Where were you when you started to actually write the poem? And please describe the place in great detail. At the time of the poem’s writing, we lived in one of a collection of four-unit condos. My family was a bit young then. My two sons had been born but they were both under the age of eight, so although our three-bedroom unit was small by the American standards I was familiar with (about 1,200 square feet), it was livable for our family size. Because I was doing graduate work half of one of the rooms was my own. There was space for a bookcase or two of books and my computer desk—that was it. I did all of my writing on the computer. The walls of the room, like all the walls of all the units, were concrete, but papered with some standard flower print on a white background. The floors had a plastic surface, which emulated a shade of wood. The sliding wood-framed windows were barred, large and opaque, but opened to a view of the forested hill. I could hear birds; I was happy for that. (Right: Ian Haight family photo - wife is pregnant with their daughter. Copyright permission granted by Ian Haight for this CRC Blog Post Only)
How many drafts of this poem did you write before going to the final? (And can you share a photograph of your rough drafts with pen markings on it?) I may have drafts with markings on them, but if I do they are in storage, so I will attach the earliest draft of the poem and the most recent draft for comparison.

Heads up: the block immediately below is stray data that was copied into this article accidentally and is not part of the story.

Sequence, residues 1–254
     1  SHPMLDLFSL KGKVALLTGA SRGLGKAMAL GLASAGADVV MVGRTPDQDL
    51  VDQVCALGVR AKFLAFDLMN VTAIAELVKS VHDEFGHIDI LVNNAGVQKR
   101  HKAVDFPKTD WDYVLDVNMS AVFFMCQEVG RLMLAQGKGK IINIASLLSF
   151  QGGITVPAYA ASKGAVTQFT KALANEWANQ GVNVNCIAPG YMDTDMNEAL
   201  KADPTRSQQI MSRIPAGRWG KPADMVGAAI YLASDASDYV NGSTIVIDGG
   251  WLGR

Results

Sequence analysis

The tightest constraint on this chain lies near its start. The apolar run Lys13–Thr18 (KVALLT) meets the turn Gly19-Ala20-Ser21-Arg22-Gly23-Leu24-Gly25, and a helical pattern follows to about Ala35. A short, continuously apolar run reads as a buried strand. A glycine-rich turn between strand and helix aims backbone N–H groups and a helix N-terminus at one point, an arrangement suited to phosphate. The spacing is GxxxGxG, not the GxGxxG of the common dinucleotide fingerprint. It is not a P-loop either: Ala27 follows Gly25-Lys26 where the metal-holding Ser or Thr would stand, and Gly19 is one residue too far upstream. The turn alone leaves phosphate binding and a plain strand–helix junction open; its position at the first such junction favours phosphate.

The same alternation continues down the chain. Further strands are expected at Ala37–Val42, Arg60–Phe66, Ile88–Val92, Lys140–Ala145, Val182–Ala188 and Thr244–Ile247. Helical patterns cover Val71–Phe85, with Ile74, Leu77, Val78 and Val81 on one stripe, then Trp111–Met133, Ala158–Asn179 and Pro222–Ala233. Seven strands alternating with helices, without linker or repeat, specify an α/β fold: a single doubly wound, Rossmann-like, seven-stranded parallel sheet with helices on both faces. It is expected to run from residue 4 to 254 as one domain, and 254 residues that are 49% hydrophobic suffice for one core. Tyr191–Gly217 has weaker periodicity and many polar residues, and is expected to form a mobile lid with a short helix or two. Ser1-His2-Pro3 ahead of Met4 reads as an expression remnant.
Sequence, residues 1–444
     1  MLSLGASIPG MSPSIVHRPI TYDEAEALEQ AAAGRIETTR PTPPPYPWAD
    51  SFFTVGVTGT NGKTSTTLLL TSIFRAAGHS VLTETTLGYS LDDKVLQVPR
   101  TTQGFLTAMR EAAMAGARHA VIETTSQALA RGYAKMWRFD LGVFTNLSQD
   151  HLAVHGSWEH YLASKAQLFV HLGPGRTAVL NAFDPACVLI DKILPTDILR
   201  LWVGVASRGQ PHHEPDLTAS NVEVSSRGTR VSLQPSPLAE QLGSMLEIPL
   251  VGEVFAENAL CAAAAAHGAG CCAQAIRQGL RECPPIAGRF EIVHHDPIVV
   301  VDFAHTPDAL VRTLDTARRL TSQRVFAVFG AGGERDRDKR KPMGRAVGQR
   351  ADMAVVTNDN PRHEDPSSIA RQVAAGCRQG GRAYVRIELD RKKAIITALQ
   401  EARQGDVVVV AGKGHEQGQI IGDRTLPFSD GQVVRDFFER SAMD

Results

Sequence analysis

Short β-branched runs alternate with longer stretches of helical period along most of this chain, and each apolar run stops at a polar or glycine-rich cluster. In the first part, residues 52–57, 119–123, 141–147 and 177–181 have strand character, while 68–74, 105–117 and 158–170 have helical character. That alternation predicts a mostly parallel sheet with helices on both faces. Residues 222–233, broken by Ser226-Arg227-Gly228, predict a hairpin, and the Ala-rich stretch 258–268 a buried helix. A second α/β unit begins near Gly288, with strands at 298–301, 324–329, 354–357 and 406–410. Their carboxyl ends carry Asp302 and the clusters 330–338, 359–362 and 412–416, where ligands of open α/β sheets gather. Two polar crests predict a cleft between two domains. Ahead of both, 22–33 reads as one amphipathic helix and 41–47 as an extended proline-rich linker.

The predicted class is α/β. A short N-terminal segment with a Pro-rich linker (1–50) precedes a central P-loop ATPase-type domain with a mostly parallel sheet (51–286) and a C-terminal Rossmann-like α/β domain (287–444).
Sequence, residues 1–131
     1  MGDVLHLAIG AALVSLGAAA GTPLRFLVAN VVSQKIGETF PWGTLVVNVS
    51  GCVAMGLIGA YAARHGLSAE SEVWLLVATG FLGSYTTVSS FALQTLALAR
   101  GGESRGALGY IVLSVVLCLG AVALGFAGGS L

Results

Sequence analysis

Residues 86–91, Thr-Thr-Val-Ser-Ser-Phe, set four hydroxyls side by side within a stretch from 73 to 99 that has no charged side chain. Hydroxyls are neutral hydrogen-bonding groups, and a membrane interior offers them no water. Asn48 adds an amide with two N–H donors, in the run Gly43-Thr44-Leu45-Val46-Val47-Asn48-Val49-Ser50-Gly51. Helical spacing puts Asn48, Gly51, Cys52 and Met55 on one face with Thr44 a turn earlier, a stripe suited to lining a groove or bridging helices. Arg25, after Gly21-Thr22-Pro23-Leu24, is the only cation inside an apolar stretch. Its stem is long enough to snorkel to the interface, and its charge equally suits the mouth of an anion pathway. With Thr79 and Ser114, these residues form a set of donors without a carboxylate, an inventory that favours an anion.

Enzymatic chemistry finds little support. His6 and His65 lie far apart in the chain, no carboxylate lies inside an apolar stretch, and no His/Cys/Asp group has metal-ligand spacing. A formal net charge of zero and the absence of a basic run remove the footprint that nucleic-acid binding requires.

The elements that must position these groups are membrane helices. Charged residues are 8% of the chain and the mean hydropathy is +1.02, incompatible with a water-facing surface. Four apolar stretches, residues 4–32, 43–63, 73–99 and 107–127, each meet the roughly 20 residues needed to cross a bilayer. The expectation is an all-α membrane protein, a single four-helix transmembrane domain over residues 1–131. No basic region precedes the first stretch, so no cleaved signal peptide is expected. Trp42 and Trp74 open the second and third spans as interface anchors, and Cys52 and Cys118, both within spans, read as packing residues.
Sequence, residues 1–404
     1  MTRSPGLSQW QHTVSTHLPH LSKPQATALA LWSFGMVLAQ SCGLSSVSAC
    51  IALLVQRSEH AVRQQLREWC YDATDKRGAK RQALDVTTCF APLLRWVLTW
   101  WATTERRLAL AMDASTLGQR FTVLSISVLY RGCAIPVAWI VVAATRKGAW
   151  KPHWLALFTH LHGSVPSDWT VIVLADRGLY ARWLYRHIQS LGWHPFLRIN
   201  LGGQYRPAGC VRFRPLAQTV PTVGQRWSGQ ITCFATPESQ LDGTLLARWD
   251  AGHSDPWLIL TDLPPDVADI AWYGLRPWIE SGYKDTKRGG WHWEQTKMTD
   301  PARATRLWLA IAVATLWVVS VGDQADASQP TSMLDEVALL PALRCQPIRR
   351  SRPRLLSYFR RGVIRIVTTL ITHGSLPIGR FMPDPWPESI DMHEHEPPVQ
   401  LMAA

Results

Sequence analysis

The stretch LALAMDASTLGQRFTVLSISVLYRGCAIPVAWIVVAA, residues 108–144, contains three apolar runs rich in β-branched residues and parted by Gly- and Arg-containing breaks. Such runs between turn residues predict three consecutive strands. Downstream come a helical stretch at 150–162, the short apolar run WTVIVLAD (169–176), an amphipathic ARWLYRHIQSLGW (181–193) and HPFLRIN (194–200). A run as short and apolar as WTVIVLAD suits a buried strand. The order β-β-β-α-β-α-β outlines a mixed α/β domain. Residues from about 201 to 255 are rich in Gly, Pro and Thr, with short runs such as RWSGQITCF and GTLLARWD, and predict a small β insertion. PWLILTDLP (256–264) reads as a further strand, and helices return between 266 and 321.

Were there any lines in any of your rough drafts of this poem that were not in the final version? And can you share them with us? There’s only one line that got cut. In the fifth stanza, line 3: “and red berries” (Right, Korean berries) was deleted because I felt like it was too much detail and made the poem clunk. To me it felt like a detail that was not entirely necessary in comparison with what was rhythmically gained by losing it. The first line lost the phrase “Yellow fin” to describe the kind of fish for the same reason, and because it wasn’t authentically true. People laid out all sorts of different fish.
The ending, for sure. To see that pheasant rise and then to place it in context of the poem…I got what that meant when it happened but I didn’t really feel it until I re-read it in the finished poem. It’s spiritual—and very Korean. I love that I can deeply feel what that moment means even though I am an American white male. I also love that Korean people understand and respect my authentic experience.
Anything you would like to add?